Edge

Barely Legal

Looking through the limelight
NYC rockers The Strokes paint “The Modern Age”

Somewhere in between the shimmering lights of Gotham City at night and the smoky, penumbral basement bars of Manhattan’s high-rises, Julian Casablancas, lead singer of buzz rock group The Strokes, notes down stories about life in the big, shiny metropolis and sifts it out through filtered vocals for the rest of the world to hear. Too many bands hatch from New York’s detonating cultural cocoon, but something about the place seems to foster this continuous artistic explosion.

“I like that it injects adrenaline and direction in people,” says drummer Fabrizio Moretti about the city. “Everyone’s got a goal, everyone’s a go-getter and everyone communally lives independently. Does that make any sense? It’s a very surreal, magical place and you can get tired of living there, but I can’t pinpoint what’s wrong. I guess that’s what comes out in our music.”

Unlike some rock groups deriving from destitute surroundings and trying to elude the cavernous ditch of their circumstances, The Strokes seemingly had it made it from the beginning-each member emanates from privileged backgrounds and they’re progenies of wealthy immigrants. Casablancas (whose father John is the founder of the prestigious Elite modeling agency), Moretti and Nick Valensi, one of the guitarists, all attended Manhattan’s Upper West Side Dwight private school, and-while listening to alternative bands like Nirvana and Pearl Jam as well as older classics like the Beach Boys, the Beatles and seventies punk-the trio started playing together. Shunning the “cream of the crop” surrounding of clueless rich kids and Eminem wannabes listening to gangsta rap and righteously swearing that they’re gangsters themselves (even though they attend prep schools), Casablancas quit and Valensi left around tenth grade to pursue music. Moretti was left alone, dismayed because the other two were the only friends he had at Dwight.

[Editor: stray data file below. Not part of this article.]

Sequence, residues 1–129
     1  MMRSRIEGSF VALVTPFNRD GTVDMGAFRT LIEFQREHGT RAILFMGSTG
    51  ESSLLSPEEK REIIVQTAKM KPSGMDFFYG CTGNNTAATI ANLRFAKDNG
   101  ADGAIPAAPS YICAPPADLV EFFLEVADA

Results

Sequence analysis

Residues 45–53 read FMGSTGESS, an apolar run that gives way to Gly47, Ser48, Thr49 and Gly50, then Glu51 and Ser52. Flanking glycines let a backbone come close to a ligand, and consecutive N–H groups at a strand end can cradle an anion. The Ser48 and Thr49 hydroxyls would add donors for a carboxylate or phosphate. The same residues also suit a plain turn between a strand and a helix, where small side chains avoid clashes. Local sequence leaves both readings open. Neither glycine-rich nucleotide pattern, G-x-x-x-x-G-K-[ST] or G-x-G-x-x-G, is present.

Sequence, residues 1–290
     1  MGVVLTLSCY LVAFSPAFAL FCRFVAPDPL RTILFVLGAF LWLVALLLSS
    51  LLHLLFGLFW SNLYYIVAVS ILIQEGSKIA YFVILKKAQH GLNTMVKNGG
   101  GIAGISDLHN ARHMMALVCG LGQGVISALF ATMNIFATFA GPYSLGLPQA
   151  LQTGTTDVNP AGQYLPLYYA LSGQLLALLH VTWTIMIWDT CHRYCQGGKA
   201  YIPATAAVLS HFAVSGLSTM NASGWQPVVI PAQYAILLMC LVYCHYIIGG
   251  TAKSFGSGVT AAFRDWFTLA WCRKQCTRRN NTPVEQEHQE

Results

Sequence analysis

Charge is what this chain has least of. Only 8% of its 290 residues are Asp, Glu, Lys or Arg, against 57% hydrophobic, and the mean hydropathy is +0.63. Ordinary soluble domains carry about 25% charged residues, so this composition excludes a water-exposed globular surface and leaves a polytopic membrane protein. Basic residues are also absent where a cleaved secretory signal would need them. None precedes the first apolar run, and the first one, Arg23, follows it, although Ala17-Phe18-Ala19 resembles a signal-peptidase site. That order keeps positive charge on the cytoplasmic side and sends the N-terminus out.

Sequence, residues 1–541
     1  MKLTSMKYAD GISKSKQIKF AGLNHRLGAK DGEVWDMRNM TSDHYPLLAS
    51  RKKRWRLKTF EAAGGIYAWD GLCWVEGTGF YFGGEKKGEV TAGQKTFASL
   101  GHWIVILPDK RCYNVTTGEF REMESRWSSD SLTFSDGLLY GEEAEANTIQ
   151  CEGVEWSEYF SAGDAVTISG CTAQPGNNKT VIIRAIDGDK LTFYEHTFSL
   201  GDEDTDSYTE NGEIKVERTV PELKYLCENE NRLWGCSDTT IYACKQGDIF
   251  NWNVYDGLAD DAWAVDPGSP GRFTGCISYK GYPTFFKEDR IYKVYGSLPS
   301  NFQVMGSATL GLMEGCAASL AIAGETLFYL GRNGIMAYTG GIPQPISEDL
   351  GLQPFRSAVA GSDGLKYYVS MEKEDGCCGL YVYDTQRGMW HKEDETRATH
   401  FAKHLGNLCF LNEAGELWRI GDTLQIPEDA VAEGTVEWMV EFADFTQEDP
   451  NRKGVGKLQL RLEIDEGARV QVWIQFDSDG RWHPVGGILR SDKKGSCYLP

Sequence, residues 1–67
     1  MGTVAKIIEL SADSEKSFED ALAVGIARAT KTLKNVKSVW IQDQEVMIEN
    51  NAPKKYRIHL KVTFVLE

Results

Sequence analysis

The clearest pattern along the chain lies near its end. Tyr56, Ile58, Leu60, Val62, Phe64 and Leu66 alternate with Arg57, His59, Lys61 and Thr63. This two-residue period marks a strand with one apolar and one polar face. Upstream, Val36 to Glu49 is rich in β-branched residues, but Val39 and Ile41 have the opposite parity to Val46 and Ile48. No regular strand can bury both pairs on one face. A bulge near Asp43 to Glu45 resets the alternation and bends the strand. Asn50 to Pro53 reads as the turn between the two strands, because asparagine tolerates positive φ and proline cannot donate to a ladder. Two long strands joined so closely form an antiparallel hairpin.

Later on, they hooked up with bassist Nikolai Fraiture who was going to the Upper East Side’s prominent French school, Le Lyc

November 26, 2002

Reporters

The Miami Hurricane

Student newspaper at the University of Miami


Around the Web
  • Miami Herald
  • UM News
  • HurricaneSports

It sure sounds like redshirt freshman N’Kosi Perry is going to get his first career start at 8 Thurs ...

If he hasn’t made it already, Miami Hurricanes coach Mark Richt has a defining decision to ponder in ...

They were way below the radar coming into the 1983 season. And after their 28-3 opening-game loss to ...

In the opening eight minutes on Saturday — and the final seven minutes — FIU looked like a team that ...

The N’Kosi Perry era is here. Whether it’s here to stay is yet to be seen. The fans got what they wa ...

Get Out The Vote, a nonpartisan initiative headed by the Division of Student Affairs and the Butler ...

University of Miami Libraries commemorates Banned Books Week with a special event and display. ...

A year after UPup’s founding father met his match, the service club is realizing its goal of becomin ...

UM students, faculty and staff commemorated the five-year anniversary of the Donna E. Shalala Studen ...

Miami’s Turnover Chain inspires copycats, but the U’s turnover prop has a ‘cool factor.’ ...

The Miami Hurricanes were one of the biggest risers in both major polls released Sunday, jumping to ...

Estela Perez-Somarriba of the Miami women's tennis team earned one of the most prestigious coll ...

The University of Miami volleyball program defeated Duke, 3-1, winning its fourth straight match and ...

N'Kosi Perry and a dominant Miami defense led the Hurricanes to a 31-17 victory over the Panthe ...

The season-opening, three-day Miami Fall Invite wrapped up Sunday at the Neil Schiff Tennis Center a ...

TMH Twitter
About TMH

The Miami Hurricane is the student newspaper of the University of Miami in Coral Gables, Fla. The newspaper is edited and produced by undergraduate students at UM and is published weekly in print on Tuesdays during the regular academic year.